April 17, 2024

With today’s medical environment so reliant on complicated insurance company regulations and intricate billing procedures, many physicians are looking for niche medical practices that will allow them to maintain their income standards while decreasing their paperwork at the same time. One such niche is a cash only medical practice, which is basically a medical office that does not maintain contracts with insurance companies and instead requires patients to pay cash for medical services rendered. Ending your contracts with insurance companies and building a successful cash only medical practice will likely take some time, and many physicians decide that they need to have a gradual changeover rather than an overnight exchange from an insurance pay to cash pay medical practice. If a cash pay medical practice sounds like it may be the type of office you would like to run, it may be time for you to begin doing some market research to find out if your practice has the potential to be successful:

* What is the condition of your local market? Does your local community have a large number of uninsured or affluent patients? If you do run a medical practice in an affluent community, you may be able to establish a large panel of patients-even patients with insurance-that is willing to pay cash for high quality, efficient medical care. On the other hand, if your local community has a lot of middle or lower-income residents with HMO plans, which do not give any out-of-network benefits, you may find that you have difficulty building a cash-only practice.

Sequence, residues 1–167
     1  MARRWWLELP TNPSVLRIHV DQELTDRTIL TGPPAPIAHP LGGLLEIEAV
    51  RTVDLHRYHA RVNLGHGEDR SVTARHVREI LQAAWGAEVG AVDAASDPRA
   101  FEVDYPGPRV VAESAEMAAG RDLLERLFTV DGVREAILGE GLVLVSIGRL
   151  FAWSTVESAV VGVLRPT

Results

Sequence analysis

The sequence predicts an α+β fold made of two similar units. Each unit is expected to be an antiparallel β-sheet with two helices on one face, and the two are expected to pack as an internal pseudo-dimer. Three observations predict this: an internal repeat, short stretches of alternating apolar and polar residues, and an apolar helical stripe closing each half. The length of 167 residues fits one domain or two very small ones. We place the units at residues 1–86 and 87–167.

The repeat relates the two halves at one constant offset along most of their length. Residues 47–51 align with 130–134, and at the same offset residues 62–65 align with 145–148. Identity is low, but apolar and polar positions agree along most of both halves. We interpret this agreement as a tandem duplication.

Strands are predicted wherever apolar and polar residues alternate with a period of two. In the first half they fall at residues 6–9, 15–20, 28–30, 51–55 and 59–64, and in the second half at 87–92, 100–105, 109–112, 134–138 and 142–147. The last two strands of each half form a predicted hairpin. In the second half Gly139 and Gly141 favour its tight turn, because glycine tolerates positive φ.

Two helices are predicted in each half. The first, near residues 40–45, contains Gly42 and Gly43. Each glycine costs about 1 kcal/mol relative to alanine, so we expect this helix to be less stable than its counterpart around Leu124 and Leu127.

* Would your current patients be willing to transition to a cash pay medical practice? It is a good idea to survey your current panel of patients to find out if they would be willing to continue using your medical services if you were to change to a cash only medical practice.

* Should you continue your contracts with the more lucrative insurance companies? Not all insurance companies negotiate unappealing prices with their contracting physicians, and not every insurance firm has unreasonable paperwork requirements. You may choose to work with two or three specific insurers, while asking that patients who do not use these companies pay cash for medical services. It is your medical practice, which means you can choose whom you contract with.

* Which medical services will you provide, and how much will you charge for them? Some physicians find that they are able to see fewer patients with a cash pay medical practice, and they also discover that they are able to focus on the particular medical services that they enjoy. Perhaps you decide to focus on acute medical care rather than chronic ailments, or maybe you will choose to perform fewer diagnostic tests. Whichever services you decide to offer your cash only patients, deciding how much to charge for them will take some research. Ask other physicians, particularly other cash only physicians, in your area how much they charge; there is nothing unethical about doing this as long as there is no discussion about setting collective rates. You may also want to take into account how much your cash pay medical practice will need to net in order for you to cover your overhead expenses.